It was fantastic. There is always a great energy as schools approaches, but I think we've figured out that we have to capture the energy and use it to build long term positive relationships. Relationships are everything.
We've changed to align with that simple fact.
Thanks for reading.
I'm on Twitter @YourKidsTeacher
I'm writing this to you now, because I couldn’t get the words out quite right at the 6th Grade Graduation ceremony. This year has been a challenging year for me. I don’t think I adjusted to this class as well as I could have. I never quite felt like I was the teacher I wanted to be for you. A year full of ups and downs, but a memorable year for sure. I hope you’ll remember it fondly.
I’m sending this letter much later than I normally do. One reason is because we’ve been so busy the last couple of months. The other, I wasn’t quite ready to say goodbye. It’s the first weekend of “vacation” and sitting here alone in Room 216 trying to figure out what to do with myself today, so I figured I should get started.
There's a scene in a movie that was made way before you were born (1989), 'When Harry Met Sally", when the wife of one of the main characters (Harry played by Billy Crystal) drops him off and before she's even out of sight he says to her "I miss you already, I miss you already.” I know how Harry felt.
I was fortunate enough to talk one on one with John Maxwell once after his speech in which he said, "People do not care how much you know until they know how much you care." You should know by now that I do.
You have amazed me. You inspire me. I want to thank you for helping me become a better teacher. I still need to learn a great deal, but I, like you, am trying to get better. You have taught me a great deal. Thank you.
It is tough being twelve-ish isn't it?
Some things to consider as you move on:
Live your life with some regret. That's probably exactly opposite of what you will hear rich people or celebrities will tell you, but don't be afraid to look backwards and realize that you could have done some things better. Mistakes and the learning they provide you, make you who you are, but don't be so selfish or keep your world prism so small that you plow through life without realizing you're capable of more than you can possibly know.
Be humble. Barry Sanders never spiked the ball (Google him). "If and when you get into the end zone, act like you have been there a thousand times before" - The Tragically Hip. My only sports analogy and lyric quotation in this post are here to try and say that you should always be proud of what you accomplish, but realize that there will always be someone better, faster, prettier, stronger, or smarter than you. Be happy and proud of what you accomplish. Don't compare yourself to others. Be the best at what and who you are. Life is not about being better than someone else, it’s about being the best you can be.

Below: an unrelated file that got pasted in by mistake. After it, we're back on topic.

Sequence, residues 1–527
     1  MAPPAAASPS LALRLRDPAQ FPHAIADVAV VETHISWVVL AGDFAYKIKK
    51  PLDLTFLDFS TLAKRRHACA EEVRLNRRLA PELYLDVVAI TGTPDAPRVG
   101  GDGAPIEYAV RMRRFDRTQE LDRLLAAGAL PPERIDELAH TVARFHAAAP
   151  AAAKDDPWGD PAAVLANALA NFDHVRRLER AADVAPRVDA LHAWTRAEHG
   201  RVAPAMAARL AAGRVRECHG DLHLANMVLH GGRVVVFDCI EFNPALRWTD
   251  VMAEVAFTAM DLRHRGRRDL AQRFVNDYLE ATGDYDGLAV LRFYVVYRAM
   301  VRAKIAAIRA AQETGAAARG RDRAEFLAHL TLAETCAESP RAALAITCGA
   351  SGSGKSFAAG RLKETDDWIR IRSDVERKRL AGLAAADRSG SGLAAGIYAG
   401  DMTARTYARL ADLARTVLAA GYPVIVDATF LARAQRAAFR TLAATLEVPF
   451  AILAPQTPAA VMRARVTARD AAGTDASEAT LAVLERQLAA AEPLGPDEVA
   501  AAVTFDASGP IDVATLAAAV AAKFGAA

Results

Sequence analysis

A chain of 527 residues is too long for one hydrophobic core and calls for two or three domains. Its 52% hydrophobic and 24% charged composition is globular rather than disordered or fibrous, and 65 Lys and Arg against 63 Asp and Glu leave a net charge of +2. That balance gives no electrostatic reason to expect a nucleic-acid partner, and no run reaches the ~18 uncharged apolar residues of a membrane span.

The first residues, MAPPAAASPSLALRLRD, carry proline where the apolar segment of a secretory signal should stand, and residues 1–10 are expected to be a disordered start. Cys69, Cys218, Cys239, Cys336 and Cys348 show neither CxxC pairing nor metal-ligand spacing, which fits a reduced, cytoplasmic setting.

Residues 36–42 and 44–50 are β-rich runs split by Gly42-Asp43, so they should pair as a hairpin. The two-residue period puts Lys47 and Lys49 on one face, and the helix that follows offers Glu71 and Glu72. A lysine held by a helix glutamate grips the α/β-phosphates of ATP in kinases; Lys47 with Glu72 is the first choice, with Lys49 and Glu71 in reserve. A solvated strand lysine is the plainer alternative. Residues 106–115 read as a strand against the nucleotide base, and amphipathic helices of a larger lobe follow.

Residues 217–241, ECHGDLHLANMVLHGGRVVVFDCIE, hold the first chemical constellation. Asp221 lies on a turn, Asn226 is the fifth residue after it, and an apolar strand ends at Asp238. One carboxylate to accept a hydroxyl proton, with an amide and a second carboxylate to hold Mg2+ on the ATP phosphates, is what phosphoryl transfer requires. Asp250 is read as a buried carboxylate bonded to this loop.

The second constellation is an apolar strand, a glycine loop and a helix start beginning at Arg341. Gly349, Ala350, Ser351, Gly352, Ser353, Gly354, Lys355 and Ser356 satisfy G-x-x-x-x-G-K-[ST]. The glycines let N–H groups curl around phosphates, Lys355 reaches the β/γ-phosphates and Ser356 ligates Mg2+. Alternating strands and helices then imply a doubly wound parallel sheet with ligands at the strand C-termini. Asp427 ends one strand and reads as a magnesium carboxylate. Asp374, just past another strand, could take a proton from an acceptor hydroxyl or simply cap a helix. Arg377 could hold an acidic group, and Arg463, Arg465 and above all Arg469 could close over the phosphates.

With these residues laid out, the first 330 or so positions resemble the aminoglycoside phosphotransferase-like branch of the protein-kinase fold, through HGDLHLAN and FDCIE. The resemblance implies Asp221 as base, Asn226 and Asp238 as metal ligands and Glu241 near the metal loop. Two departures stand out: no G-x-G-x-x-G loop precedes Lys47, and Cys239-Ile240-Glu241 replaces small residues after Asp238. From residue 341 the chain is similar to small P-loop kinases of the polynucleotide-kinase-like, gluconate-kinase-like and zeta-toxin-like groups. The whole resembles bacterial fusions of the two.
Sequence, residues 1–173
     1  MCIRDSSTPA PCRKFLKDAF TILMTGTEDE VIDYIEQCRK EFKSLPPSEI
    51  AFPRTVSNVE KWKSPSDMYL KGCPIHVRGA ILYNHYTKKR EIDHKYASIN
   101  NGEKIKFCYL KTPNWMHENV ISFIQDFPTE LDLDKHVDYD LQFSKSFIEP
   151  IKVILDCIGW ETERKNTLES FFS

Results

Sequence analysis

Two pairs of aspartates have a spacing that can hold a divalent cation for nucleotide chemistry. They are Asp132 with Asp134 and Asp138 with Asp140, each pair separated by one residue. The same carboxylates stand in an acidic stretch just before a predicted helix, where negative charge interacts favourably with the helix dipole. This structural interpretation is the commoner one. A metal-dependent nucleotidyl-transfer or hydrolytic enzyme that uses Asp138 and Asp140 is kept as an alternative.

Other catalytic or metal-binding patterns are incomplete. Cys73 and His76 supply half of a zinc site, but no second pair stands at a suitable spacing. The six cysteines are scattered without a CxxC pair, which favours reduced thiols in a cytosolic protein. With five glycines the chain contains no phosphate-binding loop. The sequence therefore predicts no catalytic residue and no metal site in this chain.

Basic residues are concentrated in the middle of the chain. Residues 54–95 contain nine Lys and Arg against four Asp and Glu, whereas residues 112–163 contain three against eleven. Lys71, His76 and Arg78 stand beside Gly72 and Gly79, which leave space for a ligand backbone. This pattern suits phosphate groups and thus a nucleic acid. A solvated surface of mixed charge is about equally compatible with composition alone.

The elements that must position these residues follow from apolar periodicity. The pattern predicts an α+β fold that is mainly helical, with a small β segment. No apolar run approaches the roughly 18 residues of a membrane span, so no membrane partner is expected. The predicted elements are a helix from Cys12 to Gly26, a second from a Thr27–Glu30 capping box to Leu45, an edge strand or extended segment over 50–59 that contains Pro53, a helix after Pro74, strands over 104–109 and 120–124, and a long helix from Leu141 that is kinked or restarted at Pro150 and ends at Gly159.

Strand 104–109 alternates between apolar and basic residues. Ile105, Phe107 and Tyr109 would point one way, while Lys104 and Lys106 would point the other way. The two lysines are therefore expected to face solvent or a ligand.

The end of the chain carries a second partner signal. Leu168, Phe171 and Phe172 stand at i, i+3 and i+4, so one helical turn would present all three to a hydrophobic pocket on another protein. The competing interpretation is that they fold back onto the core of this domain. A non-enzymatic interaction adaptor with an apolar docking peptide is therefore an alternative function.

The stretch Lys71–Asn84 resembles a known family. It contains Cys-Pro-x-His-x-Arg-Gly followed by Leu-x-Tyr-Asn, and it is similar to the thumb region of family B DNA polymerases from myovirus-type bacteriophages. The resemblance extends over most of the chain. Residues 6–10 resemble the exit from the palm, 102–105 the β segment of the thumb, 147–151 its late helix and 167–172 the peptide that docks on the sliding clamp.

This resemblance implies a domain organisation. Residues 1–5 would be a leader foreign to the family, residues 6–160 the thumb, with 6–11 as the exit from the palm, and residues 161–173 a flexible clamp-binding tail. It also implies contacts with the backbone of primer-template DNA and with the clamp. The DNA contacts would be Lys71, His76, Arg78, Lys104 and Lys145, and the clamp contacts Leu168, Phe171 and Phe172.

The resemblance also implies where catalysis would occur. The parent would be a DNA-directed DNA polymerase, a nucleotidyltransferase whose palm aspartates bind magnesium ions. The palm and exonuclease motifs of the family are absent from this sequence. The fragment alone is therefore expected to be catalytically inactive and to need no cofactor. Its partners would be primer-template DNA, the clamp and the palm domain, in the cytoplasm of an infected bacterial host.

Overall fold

Take risks. Not the kinds of risks that diminish your spirit, your sense of self or physically hurt you or others, but risks that help you grow and prosper. "Ships are safe in the harbor, but that's not what ships are built for." - Grace Murray Hopper
There is tremendous pain in the world, but also tremendous good. It is easy to see the pain in the world and think that we cannot attain more, but we are all capable of great compassion and love. There are plenty of examples of hope and kindness, you just might have to look harder and remember longer. If you figure out a way to remember the compliments more than criticism, give me a call someday and tell me the secret.
Your friends today don't have to last you a lifetime. We all change and everyone has a different path we have to follow. Follow yours. Realize that the people in your life today don't have a ticket to ride along forever. Value and appreciate your time that you have together, but when you have reached the natural end of the friendship. Move along with grace.
Figure out who you are before you attach your identity to someone else.
Choose your words carefully, but make them Louder Than A Bomb. Don’t hold back.
Be kind, not mean. The boy or girl you're mad at because they’re holding someone else's hand or you heard that they may have said something bad about you, won't even remember your name in three years. They will however, remember the mean things that come from you if you take that path. Erase Meanness and replace it with kindness.
Find your genius. Try to figure out what gets you excited and go after it with all that you have.
You have greatness inside you, find a way to bring it out.
Practice my "Grandma Rule" PLEASE! If you wouldn't say it, show it, or write it to Grandma, don't type it, text it, post it, or take a photo of it. Don’t be a coward and hide behind anonymity or fake profiles. Be aware that YOU control your digital footprint and that it is forever. Make it a positive one. Stand for something good.